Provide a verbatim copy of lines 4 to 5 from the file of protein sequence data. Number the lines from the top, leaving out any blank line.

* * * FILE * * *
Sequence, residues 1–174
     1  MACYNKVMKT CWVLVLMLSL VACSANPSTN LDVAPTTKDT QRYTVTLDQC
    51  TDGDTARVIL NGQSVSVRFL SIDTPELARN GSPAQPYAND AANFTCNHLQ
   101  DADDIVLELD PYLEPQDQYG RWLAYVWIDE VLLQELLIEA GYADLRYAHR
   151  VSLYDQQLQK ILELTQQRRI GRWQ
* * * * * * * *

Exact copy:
   101  DADDIVLELD PYLEPQDQYG RWLAYVWIDE VLLQELLIEA GYADLRYAHR
   151  VSLYDQQLQK ILELTQQRRI GRWQ